Dramatic beginning to the DeCSS DVD-hacking case

As expected, the opening of the DeCSS case regarding tools to circumvent copy protection on DVD was heated and dramatic. While the MPAA tries on behalf of several movie studios to protect what’s rightfully theirs, hackers try with irrational explanations and excuses to legalize their actions without ever considering anything beyond their own, very limited radar, still trying to excuse themselves with claims that they only wanted to make DVD available on Linux platforms. Why you need to spread cracking utilities to do so is beyond me, as a simply Linux based software DVD player would have done the job, but I guess that just goes to show how absurd many of the excuses really are and how personal greed takes the backseat over ethics. Here’s an article on the subject from Hollywood Reporter’s Ian Mohr.

NEW YORK (The Hollywood Reporter) — Federal Judge Lewis Kaplan and a bevy of lawyers watched scenes from “Sleepless in Seattle” and “The Matrix” on a laptop computer in a New York courtroom Monday as the Hollywood studios launched their case against an unassuming, shaggy-haired Web site editor they claim trafficked a formula that cracks the encryption on DVDs. The MPAA, acting on behalf of Universal Pictures, the Walt Disney Co., Fox, Paramount, MGM, Time Warner Entertainment and Sony Entertainment, is seeking to stop computer hacker Eric Corley from making the DVD code breaker — known as DeCSS — available through his 2600.com Web site.

In a case that is being compared to the music industry’s efforts to stop unauthorized music downloads, the studios are seeking an end to Corley’s DeCSS Web postings and compensation for profits lost to DeCSS downloads (HR 7/17). Facing a packed courtroom — where teen computer hackers in anti-MPAA T-shirts rubbed elbows with attorneys and film industry executives — Kaplan began the day by forcefully rejecting a motion from defense lawyer Martin Garbus that Kaplan be removed from the case because of his former role as a legal consultant for Time Warner.

Ironically, the prosecution had unsuccessfully requested that Garbus be removed from the case for his former role as Time Warner legal counsel. Garbus, who has represented such celebrity clients as Spike Lee, Lenny Bruce, Robert Redford, Nelson Mandela and Vaclav Havel in First Amendment cases, has gone up against the MPAA on behalf of Miramax and October Films for NC-17 disputes.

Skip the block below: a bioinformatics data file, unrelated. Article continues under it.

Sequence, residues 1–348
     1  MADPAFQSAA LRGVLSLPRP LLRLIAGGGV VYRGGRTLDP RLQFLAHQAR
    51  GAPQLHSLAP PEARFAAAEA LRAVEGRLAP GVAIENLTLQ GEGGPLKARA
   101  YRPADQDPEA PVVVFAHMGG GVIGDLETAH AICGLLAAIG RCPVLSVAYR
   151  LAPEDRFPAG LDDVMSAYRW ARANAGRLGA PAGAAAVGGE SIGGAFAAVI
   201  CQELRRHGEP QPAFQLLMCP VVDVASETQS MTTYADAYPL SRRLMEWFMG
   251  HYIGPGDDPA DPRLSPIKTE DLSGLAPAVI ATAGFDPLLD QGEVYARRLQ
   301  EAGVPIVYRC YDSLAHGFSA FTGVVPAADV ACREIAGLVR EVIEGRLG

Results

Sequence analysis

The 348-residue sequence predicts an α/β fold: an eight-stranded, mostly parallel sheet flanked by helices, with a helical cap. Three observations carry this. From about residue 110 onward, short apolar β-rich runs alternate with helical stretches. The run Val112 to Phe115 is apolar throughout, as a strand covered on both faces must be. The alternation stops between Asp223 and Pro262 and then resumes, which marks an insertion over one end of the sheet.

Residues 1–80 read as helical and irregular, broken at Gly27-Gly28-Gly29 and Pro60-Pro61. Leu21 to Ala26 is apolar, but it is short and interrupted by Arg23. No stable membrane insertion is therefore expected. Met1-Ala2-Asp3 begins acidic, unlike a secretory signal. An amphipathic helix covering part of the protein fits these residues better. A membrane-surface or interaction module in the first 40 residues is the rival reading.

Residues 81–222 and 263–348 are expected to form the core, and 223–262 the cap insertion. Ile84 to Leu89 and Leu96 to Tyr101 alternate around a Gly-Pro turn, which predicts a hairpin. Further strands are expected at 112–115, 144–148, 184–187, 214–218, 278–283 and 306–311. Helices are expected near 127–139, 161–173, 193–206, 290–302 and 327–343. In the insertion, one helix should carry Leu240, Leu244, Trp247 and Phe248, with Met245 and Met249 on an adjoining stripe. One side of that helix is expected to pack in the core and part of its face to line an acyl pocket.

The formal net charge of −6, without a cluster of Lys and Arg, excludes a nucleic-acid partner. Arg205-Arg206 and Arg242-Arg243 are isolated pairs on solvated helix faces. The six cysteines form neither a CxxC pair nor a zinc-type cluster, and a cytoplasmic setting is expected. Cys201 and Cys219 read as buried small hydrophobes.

The trial — which is expected to last two weeks and hear testimony from 14 witnesses — kicked off with a witness for the prosecution demonstrating to the court what he said were pirated copies of “Sleepless” and “Matrix.” Outside the court, about 30 anti-MPAA protesters from the New York Linux Users Group chanted and waved banners reading, “Your Rights Are on Trial,” “DeCSS Is legal, MPAA Is a Crime” and “I Want My Linux DVDs.” Linux is an alternative PC operating system.

Corley, whose “nom de Net” is Emmanuel Goldstein, is arguing that DeCSS is simply a tool that enthusiasts of alternative operating systems like Linux must use in order to play encrypted DVDs. Corley’s lawyers are also trying to prove that DeCSS is protected under free-speech laws. The prosecution’s first witness, Michael Schamos, co-director of the Institute for E-Commerce at Carnegie Melon University, told the court that he was able to break the encryption code of a store-bought DVD of “The Matrix” using DeCSS and trade it online for “Sleepless in Seattle” — a process he said took 20 hours on a 100 megabitcq computer system. Schamos said that as Internet connections become faster, the process will “mirror the same thing that has happened with Napster.” Schamos testified that he has seen the number of DVD titles online grow to “650, or 10% of all DVDs available in the U.S.” since January.

“As long as there’s a DVD (title) out there,“ said Schamos, ”people won’t stop (copying) them until they’re all (copied).” Although Schamos described DeCSS as an “easy-to-use” tool, Garbus chipped away at his testimony by suggesting the act of pirating a DVD is a painstaking process that “no one in their right mind” would do in lieu of simply buying the product. Garbus also challenged Schamos“ experiment in part by bringing an unexpected witness to the case — Schamos” college student assistant Eric Burns, who seemed to be the real expert on “ripping” DVDs. Garbus ended his cross-examination by pointing out that there are numerous other ways to decode DVDs besides DeCSS and that many titles cannot be cracked through DeCSS, including the entire Disney library.

“It was a good first day,” Corley — whose Web site is an extension of his 2600: The Hacker Quarterly magazine — told The Hollywood Reporter. “(This case) is not about piracy, it’s really a First Amendment issue. (The MPAA) wants to set precedent here so they can mandate how technology is used in what form. It used to be that the artists owned the work; now you have to play it in a certain way. You’ll have to play a Sony CD on a Sony player. Why is there a guy a block away from this courtroom selling videotapes that haven’t even come out in the theaters yet and no one cares?”

But MPAA lead prosecutor Leon Gold said that “as these cases are decided … we’ll convince the nation to morally honor copyright laws.”

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